Cute Activewear for Kids (That Can Double as Real Clothes)


I was warned, you guys. Years ago, I had posted a picture of Raines in some bright blue chino pants embroidered with bananas. I think I also had him in a graphic tee, and maybe even some sort of leather jacket. Obviously, I had picked the whole thing out. I remember readers commenting that soon, pretty soon, he’d develop his own opinions about style and that his own opinion would likely be…basketball shorts.

Dear god.

But, well…those readers were spot-on and now we’re there.

I have put some constraints on my boys, however. Sports shorts (or sweatpants, or those weird wicking tees that they love) can only be worn in the following scenarios:

  1.  When actually playing sports
  2.  When actually playing sports
  3.  When actually playing sports

Just kidding.

But for my guys, I do find it’s easier to illustrate when gym shorts cannot be worn:

  1. When going out to a restaurant or a party
  2. When doing errands around the city with the possibility of going out to a restaurant
  3. When doing anything outside of the house that doesn’t directly involve doing sports or going to the park.

I’m totally OK with telling my boys that sometimes, they need to Get Dressed. And sometimes they need to Suit Up. I think knowing when to Get Dressed and/or Suit Up are decent life lessons. At least…that’s the goal. Unfortunately, I’ve missed the mark a few times. Raines will never let me forget that ONE time I didn’t read a birthday party invite closely enough, and sent him to JumpZone (or whatever it’s called) in a collared shirt and jeans. HA! He’s still mad about that.

The tricky part is two-fold: weekends and travel. Weekends are, increasingly, for playing basketball at the park, playing soccer at the park, throwing a football around at the park. And travel…well. No one should have to wear jeans on an 11-hour flight if they don’t want to.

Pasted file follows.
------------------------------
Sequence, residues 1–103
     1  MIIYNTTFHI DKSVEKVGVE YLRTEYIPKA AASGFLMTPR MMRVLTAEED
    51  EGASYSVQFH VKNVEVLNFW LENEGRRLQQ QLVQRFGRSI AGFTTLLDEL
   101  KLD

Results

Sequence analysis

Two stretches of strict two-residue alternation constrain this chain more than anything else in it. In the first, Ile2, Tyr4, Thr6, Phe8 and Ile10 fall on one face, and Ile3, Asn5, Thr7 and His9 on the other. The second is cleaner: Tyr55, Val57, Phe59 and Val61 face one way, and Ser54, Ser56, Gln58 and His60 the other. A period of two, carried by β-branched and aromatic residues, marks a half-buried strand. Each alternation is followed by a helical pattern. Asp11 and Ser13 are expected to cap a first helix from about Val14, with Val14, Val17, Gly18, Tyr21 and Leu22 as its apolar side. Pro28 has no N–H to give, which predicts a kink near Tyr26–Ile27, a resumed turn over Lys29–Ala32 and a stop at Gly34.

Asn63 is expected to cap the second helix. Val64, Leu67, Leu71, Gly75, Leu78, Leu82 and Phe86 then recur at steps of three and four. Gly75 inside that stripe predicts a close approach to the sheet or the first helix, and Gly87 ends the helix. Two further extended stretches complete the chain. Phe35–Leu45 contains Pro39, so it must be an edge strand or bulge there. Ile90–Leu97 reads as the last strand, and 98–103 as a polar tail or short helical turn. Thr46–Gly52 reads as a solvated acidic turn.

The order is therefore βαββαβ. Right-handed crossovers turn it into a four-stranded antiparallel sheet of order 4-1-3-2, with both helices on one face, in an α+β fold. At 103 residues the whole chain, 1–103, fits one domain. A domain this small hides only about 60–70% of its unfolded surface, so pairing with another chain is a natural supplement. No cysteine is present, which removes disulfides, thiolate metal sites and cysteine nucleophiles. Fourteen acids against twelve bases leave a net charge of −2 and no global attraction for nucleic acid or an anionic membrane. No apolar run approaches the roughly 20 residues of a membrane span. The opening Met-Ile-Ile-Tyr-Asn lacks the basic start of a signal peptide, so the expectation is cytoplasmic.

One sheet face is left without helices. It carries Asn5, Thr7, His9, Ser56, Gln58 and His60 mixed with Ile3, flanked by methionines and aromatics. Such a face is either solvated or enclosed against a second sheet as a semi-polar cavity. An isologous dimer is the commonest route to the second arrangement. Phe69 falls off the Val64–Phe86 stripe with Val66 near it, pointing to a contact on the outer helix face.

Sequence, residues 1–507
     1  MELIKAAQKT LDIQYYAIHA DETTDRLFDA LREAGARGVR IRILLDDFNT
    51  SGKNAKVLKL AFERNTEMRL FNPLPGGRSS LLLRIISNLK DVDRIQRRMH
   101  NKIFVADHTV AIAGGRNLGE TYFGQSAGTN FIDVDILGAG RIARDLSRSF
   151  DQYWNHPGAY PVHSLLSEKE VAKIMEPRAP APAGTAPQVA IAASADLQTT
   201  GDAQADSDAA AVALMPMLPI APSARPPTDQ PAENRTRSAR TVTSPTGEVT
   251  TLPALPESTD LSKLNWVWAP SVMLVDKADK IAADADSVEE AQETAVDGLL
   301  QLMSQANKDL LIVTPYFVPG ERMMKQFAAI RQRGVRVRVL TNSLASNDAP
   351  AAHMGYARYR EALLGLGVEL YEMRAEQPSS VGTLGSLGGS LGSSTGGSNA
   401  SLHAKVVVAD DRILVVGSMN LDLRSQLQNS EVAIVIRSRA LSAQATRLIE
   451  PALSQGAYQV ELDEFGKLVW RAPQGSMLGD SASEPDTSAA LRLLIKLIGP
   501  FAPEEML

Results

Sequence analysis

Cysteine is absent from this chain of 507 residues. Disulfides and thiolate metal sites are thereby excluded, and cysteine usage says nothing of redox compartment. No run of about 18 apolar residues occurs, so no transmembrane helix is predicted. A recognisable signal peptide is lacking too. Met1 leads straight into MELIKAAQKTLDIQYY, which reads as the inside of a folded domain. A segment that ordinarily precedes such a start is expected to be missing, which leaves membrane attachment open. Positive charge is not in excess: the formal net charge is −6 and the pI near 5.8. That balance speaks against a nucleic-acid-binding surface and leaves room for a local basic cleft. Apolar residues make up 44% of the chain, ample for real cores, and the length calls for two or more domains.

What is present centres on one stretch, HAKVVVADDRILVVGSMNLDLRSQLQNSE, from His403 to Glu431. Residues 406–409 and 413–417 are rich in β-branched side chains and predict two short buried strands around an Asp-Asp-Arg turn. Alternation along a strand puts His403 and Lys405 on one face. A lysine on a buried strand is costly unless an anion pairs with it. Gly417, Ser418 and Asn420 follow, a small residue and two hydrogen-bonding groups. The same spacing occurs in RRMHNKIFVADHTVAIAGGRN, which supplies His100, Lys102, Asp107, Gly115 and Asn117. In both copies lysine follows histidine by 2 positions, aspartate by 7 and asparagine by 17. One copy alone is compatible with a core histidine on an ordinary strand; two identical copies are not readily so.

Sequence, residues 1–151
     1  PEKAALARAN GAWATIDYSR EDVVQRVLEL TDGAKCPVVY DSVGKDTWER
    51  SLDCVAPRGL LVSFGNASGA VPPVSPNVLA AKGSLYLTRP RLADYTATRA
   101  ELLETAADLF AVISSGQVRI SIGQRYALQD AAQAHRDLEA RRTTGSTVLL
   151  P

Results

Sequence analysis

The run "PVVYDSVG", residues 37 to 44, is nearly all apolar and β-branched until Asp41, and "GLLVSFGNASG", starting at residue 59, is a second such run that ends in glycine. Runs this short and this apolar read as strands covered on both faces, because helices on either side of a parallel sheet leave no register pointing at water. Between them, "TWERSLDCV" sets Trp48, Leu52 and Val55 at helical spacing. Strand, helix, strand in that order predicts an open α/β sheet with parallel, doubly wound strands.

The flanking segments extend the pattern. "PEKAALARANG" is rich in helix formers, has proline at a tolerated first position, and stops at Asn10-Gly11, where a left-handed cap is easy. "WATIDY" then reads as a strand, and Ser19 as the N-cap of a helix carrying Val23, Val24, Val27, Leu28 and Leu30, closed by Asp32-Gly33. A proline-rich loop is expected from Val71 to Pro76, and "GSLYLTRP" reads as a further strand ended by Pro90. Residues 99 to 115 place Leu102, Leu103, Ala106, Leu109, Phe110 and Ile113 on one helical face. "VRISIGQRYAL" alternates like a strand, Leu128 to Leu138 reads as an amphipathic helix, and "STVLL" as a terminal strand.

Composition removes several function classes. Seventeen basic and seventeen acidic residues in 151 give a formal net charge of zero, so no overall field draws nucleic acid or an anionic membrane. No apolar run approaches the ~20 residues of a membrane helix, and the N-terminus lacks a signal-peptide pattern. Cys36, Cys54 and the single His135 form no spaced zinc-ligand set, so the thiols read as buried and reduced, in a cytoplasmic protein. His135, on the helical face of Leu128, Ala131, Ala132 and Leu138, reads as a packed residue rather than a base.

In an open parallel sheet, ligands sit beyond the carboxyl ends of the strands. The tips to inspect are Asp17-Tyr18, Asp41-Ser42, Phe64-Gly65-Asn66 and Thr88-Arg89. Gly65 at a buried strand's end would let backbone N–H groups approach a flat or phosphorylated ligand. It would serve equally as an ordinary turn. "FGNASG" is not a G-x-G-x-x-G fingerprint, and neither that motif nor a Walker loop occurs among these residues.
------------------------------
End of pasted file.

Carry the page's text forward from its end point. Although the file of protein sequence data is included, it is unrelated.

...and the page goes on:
So over the last couple of years, between the travel and weekending, we’ve reached some sort of compromise, the boys and I. Each year, they get some sort of versatile sweatsuit. Think: old school hiphop (or those Juicy tracksuits, haha). Nordstrom has a good selection of these bad boys, and our favorites — two years running — are by the more-affordable Under Armour. We’ve taken our UA hiking in Iceland, flying to Greece, and packed into every ski weekend bag. And the boys can wear them to the park. Because if we ever feel like grabbing a drink after or running an errand….the boys look put-together enough. The key, I’ve found, is that the pieces need to have some sort of street design element, and….match. (So unlike my usual style, I know. But for some reason it works.)

So here are the two sweatsuits (tracksuits? matching sets?) that the boys picked this year. And then I rounded up a few additional pieces that are worth considering for your kids’ capsule wardrobes (from both the girls’ and boys’ departments because it’s 2018, and we should be blurring those lines a little).

On Raines (older brother): jacket | pants | sneakers

On Pax (younger brother): hoodie | pants | sneakers

Shop The Coolest Sports Clothes for Kids

Here are my favorite sports clothes for kids, the ones that I’d be OK with my kids wearing around the city, on a plane, etc.,. I’ve tried to helpfully (well, hopefully helpfully) sort them by color to better visualize how to create a fun set.

Not-So-Basic Black


Red-y or Not, Here Comes Pax


Back-to-School Blues


…Skies Are Gray


Green Machine


Our Favorite High Tops For Kids

All the kids seem to be obsessed with high tops at the moment (both boys and girls) and — OMG I sound so old. I’ll stop talking now, but here are the goods we like: